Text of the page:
PDVSA Swap: The Poker Game that Never Should Have Been

Eulogio del Pino tried to do a #TropicalMierda mob impression, but had to accept a swap that fell well short of his goals. In the end, it was Wall Street that made him an offer he couldn’t refuse.

The Swap went through.

On Monday, PDVSA announced it will exchange U.S.$2,799 million worth of of PDVSA 2017s for U.S.$3,367 million of new PDVSA 2020 bonds, secured by 50.1% of CITGO Holding Inc. stock.

That’s not great. Just 39.4% of the initial PDVSA 2017 bonds were kicked down the road out of a combined total of U.S.$7,100 million. The cost? $568 million in new debt — that we don’t see a fresh penny from.

PDVSA had repeatedly threatened to turn the shit-fan on if they didn’t reach a 50% participation threshold for the deal. But beggars can’t be choosers: if 39.4% is what you can get, 39.4% is what you take.

Now PDVSA says its 50% threshold was based on the maximum tender amount of PDVSA 2020 bonds (i.e.: the maximum amount to be issued of these new bonds), which was set at U.S.$5.325 million.

But it means PDVSA’s swap results have as much makeup as a Miss Venezuela in the hands of Osmel Sousa and that Del Pino’s and PDVSA’s strong-arm tactics were a bit of a bluff.

That neat trick allows PDVSA to save face, claiming a 52.6% participation level. But it means PDVSA’s swap results have as much makeup as a Miss Venezuela in the hands of Osmel Sousa and that Del Pino’s and PDVSA’s strong-arm tactics were a bit of a bluff.

Recall that DelPi tucked a horse’s head into Wall Street’s bed sometime last week, good-as-threatening them with default if they didn’t play ball. Some investors seem to have been browbeaten into the swap by that. But the great majority of them were not persuaded at all…

PDVSA’s #TropicalMierda mob impression was no match for Wall Street, a place that could make Vito Corleone piss his pants. Remember, these guys already made several countries kneel, surrender and pay for it — the last of them, Argentina, dragged through a 15 year court ordeal that made “vulture funds” so rich they didn’t even care how reviled they became.

So, why wouldn’t they do the same with a ginormous oil company from a distressed country? I mean, the clue is in the title: they’re called vultures, this what they do for a living.

In the end, it was DelPi who ended up looking at an offer he couldn’t refuse.

Most bondholders decided to free-ride the swap and cash out from the top performing and riskiest bonds in Emerging Markets of 2016 when they expire, while PDVSA had to bow its head and go with it.

What about the forks that took the swap? Well, they may or may not be vultures. What’s for sure is that they now own Wall Street’s #TropicalMierda version of Willy Wonka’s Golden Ticket.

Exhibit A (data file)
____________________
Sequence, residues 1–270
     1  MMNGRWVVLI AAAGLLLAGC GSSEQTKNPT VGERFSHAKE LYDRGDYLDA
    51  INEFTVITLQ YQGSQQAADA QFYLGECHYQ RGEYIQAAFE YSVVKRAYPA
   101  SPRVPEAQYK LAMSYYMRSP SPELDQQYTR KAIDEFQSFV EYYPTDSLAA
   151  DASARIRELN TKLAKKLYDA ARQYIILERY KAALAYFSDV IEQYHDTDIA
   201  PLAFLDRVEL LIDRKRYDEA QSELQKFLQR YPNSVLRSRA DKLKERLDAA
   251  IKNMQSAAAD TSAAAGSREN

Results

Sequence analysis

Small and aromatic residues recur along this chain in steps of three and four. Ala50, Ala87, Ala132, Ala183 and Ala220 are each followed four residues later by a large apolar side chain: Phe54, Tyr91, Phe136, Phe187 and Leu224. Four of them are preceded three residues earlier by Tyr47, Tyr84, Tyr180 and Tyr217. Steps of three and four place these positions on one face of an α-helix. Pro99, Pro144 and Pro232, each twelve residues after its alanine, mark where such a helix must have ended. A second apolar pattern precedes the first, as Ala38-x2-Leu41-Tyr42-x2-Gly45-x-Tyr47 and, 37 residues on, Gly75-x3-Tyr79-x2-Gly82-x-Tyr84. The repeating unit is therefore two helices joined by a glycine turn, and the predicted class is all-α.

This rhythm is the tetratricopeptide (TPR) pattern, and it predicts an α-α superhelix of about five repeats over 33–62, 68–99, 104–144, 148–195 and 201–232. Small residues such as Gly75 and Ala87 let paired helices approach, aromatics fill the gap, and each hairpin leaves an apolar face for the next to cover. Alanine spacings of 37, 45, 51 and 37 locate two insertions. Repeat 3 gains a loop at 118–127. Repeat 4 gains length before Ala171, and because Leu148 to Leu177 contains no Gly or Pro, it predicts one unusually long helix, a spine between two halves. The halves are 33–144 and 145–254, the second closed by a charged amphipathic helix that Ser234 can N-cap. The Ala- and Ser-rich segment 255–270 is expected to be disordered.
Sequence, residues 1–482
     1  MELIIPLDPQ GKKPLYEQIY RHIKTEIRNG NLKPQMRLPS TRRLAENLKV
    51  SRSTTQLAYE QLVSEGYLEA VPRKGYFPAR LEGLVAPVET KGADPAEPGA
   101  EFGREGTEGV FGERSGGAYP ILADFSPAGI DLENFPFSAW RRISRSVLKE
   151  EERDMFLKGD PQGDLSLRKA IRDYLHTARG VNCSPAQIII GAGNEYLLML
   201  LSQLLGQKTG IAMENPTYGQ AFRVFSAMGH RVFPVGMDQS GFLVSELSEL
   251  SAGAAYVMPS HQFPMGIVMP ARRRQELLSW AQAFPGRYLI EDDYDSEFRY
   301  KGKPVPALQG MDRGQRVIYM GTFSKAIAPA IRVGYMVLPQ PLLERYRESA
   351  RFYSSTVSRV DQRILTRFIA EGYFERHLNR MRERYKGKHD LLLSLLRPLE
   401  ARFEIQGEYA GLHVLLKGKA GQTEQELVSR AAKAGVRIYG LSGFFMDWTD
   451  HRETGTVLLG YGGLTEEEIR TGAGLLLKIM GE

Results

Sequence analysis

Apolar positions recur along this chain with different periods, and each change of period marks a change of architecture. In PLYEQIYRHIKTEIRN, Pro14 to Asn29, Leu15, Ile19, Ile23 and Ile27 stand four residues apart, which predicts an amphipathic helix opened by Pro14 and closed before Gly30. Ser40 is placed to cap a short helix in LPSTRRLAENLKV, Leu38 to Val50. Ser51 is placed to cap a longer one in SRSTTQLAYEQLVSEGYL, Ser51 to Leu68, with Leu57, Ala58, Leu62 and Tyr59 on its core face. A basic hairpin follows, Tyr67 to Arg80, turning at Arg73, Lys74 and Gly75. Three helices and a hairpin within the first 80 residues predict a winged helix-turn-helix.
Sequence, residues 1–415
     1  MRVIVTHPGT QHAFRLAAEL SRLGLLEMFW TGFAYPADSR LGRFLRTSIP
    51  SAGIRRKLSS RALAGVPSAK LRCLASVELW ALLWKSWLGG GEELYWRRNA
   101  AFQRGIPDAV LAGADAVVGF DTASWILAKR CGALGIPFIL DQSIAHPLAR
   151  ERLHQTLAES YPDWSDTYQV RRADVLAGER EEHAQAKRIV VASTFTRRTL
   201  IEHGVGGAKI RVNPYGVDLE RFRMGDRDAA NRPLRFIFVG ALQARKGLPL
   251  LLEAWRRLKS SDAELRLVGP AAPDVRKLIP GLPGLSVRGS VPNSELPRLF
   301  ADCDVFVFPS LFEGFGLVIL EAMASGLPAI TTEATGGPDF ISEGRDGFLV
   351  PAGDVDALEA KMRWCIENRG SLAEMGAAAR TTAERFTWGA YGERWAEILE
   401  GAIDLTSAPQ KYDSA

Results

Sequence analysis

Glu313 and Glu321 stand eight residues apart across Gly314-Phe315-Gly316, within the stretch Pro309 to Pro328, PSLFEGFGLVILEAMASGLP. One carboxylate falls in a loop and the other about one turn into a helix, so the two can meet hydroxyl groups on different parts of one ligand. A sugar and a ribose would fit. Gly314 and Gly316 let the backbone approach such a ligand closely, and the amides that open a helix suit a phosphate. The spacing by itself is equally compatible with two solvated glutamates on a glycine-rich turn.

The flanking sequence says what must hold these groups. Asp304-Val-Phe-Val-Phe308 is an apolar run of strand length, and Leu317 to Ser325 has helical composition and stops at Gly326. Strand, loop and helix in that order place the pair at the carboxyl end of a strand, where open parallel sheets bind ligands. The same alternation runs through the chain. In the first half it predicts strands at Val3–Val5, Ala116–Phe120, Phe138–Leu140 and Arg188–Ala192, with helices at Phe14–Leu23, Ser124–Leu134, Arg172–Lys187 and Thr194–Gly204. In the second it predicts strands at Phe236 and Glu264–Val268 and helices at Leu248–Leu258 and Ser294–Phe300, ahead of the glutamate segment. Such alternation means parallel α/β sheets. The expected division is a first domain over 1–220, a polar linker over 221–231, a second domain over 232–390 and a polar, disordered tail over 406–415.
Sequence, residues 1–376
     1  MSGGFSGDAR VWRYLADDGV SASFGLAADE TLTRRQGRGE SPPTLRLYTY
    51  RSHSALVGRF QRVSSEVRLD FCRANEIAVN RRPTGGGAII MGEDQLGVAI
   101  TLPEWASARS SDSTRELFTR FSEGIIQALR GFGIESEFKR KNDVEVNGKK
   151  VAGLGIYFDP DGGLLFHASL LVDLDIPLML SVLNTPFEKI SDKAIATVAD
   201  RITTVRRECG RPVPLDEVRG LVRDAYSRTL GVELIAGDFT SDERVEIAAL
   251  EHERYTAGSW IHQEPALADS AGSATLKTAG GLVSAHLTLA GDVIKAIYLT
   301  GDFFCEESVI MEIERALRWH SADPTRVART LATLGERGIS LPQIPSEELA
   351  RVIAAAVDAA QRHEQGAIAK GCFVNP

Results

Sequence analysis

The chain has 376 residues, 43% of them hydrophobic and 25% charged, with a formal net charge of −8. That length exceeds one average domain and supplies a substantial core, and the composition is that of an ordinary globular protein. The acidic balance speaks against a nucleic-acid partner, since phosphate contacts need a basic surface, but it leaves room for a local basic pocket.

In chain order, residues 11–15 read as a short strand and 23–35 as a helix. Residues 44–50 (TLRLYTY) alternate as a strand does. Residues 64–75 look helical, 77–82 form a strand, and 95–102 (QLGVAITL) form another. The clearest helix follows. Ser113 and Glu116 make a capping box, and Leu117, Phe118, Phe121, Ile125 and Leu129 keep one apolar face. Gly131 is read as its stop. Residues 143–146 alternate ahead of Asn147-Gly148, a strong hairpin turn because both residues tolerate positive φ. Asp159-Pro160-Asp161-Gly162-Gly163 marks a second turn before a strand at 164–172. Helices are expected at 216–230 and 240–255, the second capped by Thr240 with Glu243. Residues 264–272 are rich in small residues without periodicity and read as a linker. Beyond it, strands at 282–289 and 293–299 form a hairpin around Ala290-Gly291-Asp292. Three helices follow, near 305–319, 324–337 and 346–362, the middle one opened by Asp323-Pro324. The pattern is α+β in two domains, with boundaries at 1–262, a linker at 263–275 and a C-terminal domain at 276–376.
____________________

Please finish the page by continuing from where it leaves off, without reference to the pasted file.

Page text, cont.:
Why?

What started out as a #TropicalMierda bluff could come to be remembered as a #TropicalMierda backdoor privatization.

If PDVSA defaults, holders of PDVSA 2020 will cash before any other PDVSA bond holder by striping PDVSA from 50.1% of CITGO Holding Inc.’s equity. Given the swap’s low participation rate, this CITGO collateral now covers more of  the new PDVSA 2020 bonds. Think about it, the amount of collateral was fixed: if 100% of the old bondholders had gone for it, CITGO would’ve had to stretch to cover them all.

But since just under 40% participated, each participant gets two and a half times as much collateral cover. What started out as a #TropicalMierda bluff could come to be remembered as a #TropicalMierda backdoor privatization.

What did PDVSA accomplish?

For starters, by tendering of 39.4% of PDVSA 2017 bonds and issuing the new PDVSA 2020 bonds it will save up to U.S.$1,958 million in capital payments for the next 12 months, in net terms.

For that privilege, it adds U.S.$2,526 million in capital payments between 2018 and 2020. Net-net, we’re talking about U.S.$568 million in new principal. That’s new debt before counting all the extra interests and the fact that more than half of CITGO Holding Inc. is now on the line if PDVSA defaults.

Will this help PDVSA to avoid default next year at least?

Of course they’re happy: if you’d just put your hands in the collective pocket of 30 million desperate people and walked off with $568 million, you’d be happy too.

So far, the market reaction has been very positive to the swap results. Free-riders were happy, participants were happy too, and other PDVSA and Venny bondholders took a momentary breather.

Of course they’re happy: if you’d just put your hands in the collective pocket of 30 million desperate people and walked off with $568 million, you’d be happy too.

In the end, DelPi saved his ass, for now. PDVSA will probably end up wading through another of these liability management shenanigans soon enough to surf 2017 debt service and be safer for the next years, given that results from the swap offer were not that encouraging. I bet we’ll see him knocking Wall Street doors again soon.

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